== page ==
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    Iranian Water Shortage Protests: A Critical Juncture for Human Security

    Iranian
    Iranian child drinks from a water tanker in the North Khorasan province; Photo credit to Vahid Khademi; Retrieved via irna.ir

    Summary:

    Iranian citizens working within the agricultural sector are currently growing more frustrated. This is due to the lack of action by the government to address the decade long drought in the Zayandeh River. The drought, which is artificially created by the government, is caused by a dam that redirects water sources with an aim of suppling industrial areas. However, during the Iranian water shortage protests, participants were not only exclusive to those who are farmers, as more grow frustrated and resentful of the regime, many have mobilised in a show of solidarity against the government. 

    Key Judgement 1:

    It is likely that the water-shortage protests will have a spill-over effect into the rest of the population.

    • The protest in of itself mainly effected only the agricultural sector. However, as illustrated in figure 1, the frequency of protests could create a culture of resistance amongst dissatisfied citizens. This could create an enabling environment that encourages those who are afraid to speak up against the regime to display their dissatisfaction and protest. 

    • Whilst applications such as ‘Telegram’ are prohibited, the U.S Department’s Internet Freedom program succeeded in allowing citizens to bypass firewalls to communicate anonymously. 

    • Therefore, social media can become an incubator for social agency. Due to the ability of dissemination of discontent amongst citizens has become easier and more efficient.

       
    • The Iranian security forces could become a catalyst for social revolt and resentment. The consecutive clashes have resulted in a consistent increase in those that need to be detained (refer to figure1).

    • This alters the role of the security task force. From protecting civilians to safe-guarding the Iranian regime. Thus, distinguishing them as the common enemy of civilians. (OECD,2007)

    Key Judgement 2:

    It is unlikely that the factors that play a role in the protests will not be resolved.  

    • Recently, most of the major protests were in regard to the economy. However, international state sanctions have impeded the regime’s ability to resolve some of issues behind the recent protests.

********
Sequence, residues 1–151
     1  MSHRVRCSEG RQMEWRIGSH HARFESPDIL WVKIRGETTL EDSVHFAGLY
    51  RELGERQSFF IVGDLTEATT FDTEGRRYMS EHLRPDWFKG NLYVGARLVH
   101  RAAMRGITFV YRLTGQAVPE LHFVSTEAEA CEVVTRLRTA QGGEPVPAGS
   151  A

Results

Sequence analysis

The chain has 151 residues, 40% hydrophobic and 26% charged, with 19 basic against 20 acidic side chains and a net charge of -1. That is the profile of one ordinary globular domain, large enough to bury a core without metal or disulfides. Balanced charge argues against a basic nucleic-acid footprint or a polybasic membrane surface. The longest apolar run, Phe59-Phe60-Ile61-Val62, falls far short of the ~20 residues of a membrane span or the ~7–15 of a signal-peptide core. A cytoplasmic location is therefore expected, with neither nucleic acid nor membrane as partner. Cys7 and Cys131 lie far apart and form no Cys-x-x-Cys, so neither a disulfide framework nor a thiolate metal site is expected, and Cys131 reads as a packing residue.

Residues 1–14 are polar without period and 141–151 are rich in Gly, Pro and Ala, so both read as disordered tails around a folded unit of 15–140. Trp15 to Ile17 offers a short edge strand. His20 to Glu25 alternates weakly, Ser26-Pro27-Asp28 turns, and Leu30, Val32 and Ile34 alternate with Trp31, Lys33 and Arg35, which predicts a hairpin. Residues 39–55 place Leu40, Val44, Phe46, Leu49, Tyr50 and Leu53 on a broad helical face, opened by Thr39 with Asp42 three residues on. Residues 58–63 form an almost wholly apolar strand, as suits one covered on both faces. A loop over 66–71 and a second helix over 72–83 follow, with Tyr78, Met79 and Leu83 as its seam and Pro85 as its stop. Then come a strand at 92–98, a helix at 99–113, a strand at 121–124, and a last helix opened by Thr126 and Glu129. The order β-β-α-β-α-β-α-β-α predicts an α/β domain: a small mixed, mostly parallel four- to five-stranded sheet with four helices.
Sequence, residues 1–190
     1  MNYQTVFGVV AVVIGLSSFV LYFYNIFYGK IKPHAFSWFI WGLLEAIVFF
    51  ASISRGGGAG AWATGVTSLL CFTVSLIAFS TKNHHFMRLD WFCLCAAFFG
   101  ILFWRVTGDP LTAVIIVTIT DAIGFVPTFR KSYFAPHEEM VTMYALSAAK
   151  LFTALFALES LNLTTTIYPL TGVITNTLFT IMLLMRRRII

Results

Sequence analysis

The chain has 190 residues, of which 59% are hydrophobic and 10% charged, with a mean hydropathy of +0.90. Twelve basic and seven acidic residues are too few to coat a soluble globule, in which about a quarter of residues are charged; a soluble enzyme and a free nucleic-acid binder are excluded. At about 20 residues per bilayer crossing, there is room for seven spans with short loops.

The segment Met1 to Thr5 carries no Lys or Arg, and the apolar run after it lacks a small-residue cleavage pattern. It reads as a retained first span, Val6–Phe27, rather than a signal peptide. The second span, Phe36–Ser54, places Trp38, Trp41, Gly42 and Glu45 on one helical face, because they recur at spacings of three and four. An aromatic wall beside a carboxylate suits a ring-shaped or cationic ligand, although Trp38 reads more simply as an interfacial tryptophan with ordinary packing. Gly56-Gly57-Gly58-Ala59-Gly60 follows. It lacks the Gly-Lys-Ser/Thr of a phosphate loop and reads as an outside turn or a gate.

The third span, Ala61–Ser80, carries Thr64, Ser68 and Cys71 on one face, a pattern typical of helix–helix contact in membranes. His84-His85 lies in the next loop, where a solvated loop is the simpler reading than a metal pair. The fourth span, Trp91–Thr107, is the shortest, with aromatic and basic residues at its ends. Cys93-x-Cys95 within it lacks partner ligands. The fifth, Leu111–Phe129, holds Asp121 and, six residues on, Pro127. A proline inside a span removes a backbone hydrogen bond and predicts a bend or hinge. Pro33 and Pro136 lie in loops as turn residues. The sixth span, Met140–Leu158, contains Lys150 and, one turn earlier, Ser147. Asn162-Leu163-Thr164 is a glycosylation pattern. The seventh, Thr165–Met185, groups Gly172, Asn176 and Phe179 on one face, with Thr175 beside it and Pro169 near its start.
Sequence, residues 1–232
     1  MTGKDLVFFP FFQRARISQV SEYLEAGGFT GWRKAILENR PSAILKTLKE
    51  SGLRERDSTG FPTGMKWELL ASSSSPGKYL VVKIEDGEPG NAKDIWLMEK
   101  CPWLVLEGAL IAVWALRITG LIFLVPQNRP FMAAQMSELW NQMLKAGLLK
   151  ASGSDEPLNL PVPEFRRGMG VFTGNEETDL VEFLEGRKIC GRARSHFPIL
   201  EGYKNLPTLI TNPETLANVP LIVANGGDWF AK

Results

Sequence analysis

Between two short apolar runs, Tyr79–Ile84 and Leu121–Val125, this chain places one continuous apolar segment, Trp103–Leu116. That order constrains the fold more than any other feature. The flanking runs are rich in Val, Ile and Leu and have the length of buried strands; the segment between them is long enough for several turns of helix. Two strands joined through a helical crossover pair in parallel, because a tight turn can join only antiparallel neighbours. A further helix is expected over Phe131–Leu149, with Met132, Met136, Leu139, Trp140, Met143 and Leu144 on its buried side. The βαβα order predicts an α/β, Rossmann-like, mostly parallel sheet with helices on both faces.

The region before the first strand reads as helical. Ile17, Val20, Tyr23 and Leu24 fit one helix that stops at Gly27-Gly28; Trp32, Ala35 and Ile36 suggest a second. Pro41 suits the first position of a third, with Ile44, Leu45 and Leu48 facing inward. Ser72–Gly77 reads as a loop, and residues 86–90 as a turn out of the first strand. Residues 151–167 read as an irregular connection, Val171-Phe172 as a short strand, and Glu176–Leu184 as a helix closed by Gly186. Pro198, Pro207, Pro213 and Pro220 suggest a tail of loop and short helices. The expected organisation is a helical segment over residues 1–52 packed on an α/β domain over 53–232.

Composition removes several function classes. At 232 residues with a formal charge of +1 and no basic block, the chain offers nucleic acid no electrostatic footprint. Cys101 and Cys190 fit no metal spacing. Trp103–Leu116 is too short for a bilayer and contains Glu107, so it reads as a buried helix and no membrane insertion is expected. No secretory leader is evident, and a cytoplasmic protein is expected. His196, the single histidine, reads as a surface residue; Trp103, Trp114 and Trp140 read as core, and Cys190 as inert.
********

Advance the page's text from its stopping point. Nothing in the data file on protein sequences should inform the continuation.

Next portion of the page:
• Subsequent acquisition of arms and increased budget of security forces, indicate a possible use of coercion to suppress and reduce protests than accept the demands of protestors. (Source)

    • Following the economic protests in 2018, the parliament increased the budget for security forces by 400% for weaponry including: heavy weapons, armoured vehicles, water spray for crowd control and expanded intelligence and public police (PAVA). (Saidi, 2018
    • This suggests that an effort for resolve by the Iranian regime are improbable, as coercion was the method that has been invested in.

    Key Judgement 3:

    • Job insecurity partially caused by the lasting effects of COVID-19 which, when also paired with the effects that the devaluation of the Rial (Iranian currency) had caused the economy to shrink. (Source)

    • Militarisation of security forces worsens the rift between citizens and the regime, which also hinders their legitimacy as a regime and as a representative democratic government. 

    • Neglect of addressing grievances by the government and utilising the opportunity to target reformists. (Source)
    Table which illustrates the proliferation of resistance culture within Iranian society
    Figure 1- table which illustrates the growing culture of resistance
    Iranian water shortage protests and riots
    Figure 2 (Source: ACLED)
    Naif Alshaikh
    Naif Alshaikh
    Naif Alshaikh is a current graduate candidate at King’s College London, where he is pursuing a master’s degree in Global Affairs. The major focus across his work, is rooted within geopolitics and the security sector apparatus. His interest in the topics was derived from his time at City, University of London, in which he attained a BSc International politics with Distinction. In his work, he often utilises the nexus between the topics of his interest, to provide a holistic examination of the cases he analyses.

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